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COP26 - Speak For The Ocean

As preparations for the COP26 climate conference ramp up, we want to give our community the opportunity to speak for the ocean; putting pressure on the world’s governments to take the urgent action needed to protect and restore our unique blue planet. Now is the moment to make some noise.

 

International Conference of people discussing climate change

Taking place in Glasgow between 31 Oct – 12 Nov, COP26 is the 26th annual United Nations climate conference. But this isn’t just another international summit. It is the most important international climate event since the 2015 Paris Climate talks (COP21).

Since COP began, climate change has become a global priority and COP26 has a unique urgency; as world leaders are joined by tens of thousands of negotiators, government representatives, businesses and citizens for 12 days of talks which will decide the future of our planet and affect millions of human lives.

The ocean is the life support system of our planet, providing countless solutions to the climate crisis, and as such should be front and centre of the debate.

Ocean Mic

Speak for the ocean.

International conferences are complex and immense; deals struck behind closed doors and rooms full of the same people, saying the same things. But the ocean does not have a voice, save through those who take it upon themselves to be that voice.

Ocean mic gives you the chance to be that voice. Just you, 3 minutes and a microphone, to share your love of the sea, and why we should protect it. From online submissions to drop in sessions at selected stores, we want you to raise your voice and call on governments to act now.

Find Out More & Submit Your Ocean Mic Video

What are the goals at COP26?

1) Secure Global Net Zero by 2050 & keep global heating within 1.5 degrees.

Countries are being asked to come forward with ambitious 2030 emissions reductions targets (NDCs) that align with reaching net zero by the middle of the century. To deliver on these stretching targets, countries will need to accelerate the phaseout of coal, encourage investment in renewables, curtail deforestation and speed up the switch to electric vehicles.

2) Adapt to protect communities & natural habitats.

The climate is already changing and it will continue to change even as we reduce emissions, with devastating effects. At COP26 we need to enable and encourage countries to protect and restore ecosystems, build defences, put warning systems in place and make infrastructure and agriculture more resilient to avoid loss of homes, livelihoods and lives.

3) Mobilise Finance

To realise the first two goals, developed countries must deliver on their promise to raise at least $100bn in climate finance per year. International financial institutions must play their part and nations need to work towards unleashing the trillions in private and public sector finance required to secure global net zero.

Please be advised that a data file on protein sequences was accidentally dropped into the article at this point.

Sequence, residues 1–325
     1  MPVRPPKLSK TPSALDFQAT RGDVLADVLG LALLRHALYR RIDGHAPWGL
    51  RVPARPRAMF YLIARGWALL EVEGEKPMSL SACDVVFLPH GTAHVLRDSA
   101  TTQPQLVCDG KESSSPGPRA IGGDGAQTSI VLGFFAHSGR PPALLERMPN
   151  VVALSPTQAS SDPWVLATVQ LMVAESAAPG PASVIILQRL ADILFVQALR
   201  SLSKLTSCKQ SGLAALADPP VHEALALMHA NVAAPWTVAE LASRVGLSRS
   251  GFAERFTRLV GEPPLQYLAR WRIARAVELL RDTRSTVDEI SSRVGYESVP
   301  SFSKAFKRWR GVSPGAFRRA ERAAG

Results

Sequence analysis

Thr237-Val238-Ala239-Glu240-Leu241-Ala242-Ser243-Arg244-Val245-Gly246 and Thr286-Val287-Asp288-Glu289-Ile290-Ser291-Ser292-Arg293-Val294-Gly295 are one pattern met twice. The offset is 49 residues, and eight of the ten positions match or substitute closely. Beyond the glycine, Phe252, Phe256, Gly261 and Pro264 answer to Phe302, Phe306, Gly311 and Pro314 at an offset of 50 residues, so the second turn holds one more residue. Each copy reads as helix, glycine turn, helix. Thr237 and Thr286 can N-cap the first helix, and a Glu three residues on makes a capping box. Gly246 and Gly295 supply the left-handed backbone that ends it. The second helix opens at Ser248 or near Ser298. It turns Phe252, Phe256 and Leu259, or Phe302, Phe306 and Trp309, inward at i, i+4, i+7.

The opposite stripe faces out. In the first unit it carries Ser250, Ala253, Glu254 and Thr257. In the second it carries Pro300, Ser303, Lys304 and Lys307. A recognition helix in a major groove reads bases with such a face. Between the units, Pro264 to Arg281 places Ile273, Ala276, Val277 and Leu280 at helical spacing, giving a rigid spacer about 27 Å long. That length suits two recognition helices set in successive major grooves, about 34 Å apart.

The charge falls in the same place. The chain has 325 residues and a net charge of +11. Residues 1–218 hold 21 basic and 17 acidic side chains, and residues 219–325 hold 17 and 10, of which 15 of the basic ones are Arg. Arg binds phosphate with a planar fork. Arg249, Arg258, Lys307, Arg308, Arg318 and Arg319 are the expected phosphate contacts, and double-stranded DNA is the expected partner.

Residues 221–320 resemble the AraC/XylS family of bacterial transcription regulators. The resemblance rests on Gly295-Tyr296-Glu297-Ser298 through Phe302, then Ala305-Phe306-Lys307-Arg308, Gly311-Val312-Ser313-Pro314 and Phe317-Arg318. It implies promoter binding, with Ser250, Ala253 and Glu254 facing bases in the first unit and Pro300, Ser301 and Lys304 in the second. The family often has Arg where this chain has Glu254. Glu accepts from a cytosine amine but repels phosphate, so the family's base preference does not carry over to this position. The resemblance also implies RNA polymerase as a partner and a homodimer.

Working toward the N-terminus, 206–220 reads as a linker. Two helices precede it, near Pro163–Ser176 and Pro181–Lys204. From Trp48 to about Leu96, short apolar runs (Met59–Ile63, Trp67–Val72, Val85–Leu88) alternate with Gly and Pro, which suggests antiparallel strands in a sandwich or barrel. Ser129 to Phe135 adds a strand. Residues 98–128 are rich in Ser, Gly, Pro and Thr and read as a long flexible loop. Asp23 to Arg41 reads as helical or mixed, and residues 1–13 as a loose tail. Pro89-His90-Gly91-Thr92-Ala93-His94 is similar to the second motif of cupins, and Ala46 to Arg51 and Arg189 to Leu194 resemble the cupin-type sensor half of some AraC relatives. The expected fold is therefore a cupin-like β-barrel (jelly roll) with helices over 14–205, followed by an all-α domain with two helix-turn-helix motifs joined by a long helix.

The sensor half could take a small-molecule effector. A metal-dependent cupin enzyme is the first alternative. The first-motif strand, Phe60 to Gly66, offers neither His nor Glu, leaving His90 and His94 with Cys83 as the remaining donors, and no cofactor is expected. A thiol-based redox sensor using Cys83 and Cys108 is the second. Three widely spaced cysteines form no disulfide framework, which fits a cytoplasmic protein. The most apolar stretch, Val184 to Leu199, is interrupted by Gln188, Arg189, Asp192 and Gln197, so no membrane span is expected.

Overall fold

4) Work together to deliver

We can only rise to the challenges of climate change by working together. At COP26 nations must finalise the Paris Rulebook (the rules needed to implement the Paris Agreement). And, they must turn ambitions into action by accelerating collaboration between governments, businesses and civil society to deliver on climate goals faster.

 

Explore Sea7 Ocean Activist Camp

 

Why does limiting temperature rise to 1.5 degrees matter?

At 2 degrees of global warming, there would be widespread and severe impacts on people and nature. A third of the world’s population would be regularly exposed to severe heat, leading to health problems and more heat-related deaths. Almost all warm water coral reefs would be destroyed, and the Arctic sea ice would melt entirely at least one summer per decade, with devastating impacts on wildlife and the communities they support. We cannot rule out the possibility that irreversible loss of ice sheets in Greenland and the Antarctic could be triggered, leading to several metres of sea level rise over centuries to come.

At 1.5°C, the impacts would be serious, but less severe. There would be lower risks of food and water shortages, lower risks to economic growth and fewer species at risk of extinction. Threats to human health from air pollution, disease, malnutrition and exposure to extreme heat would also be lower.

This is why every fraction of a degree of warming matters. It is vital that governments and international organisations work together to keep the prospect of holding temperature rises to 1.5 degrees alive.

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For a more in-depth look at COP26, you can visit the UK govt website dedicated to the event here.


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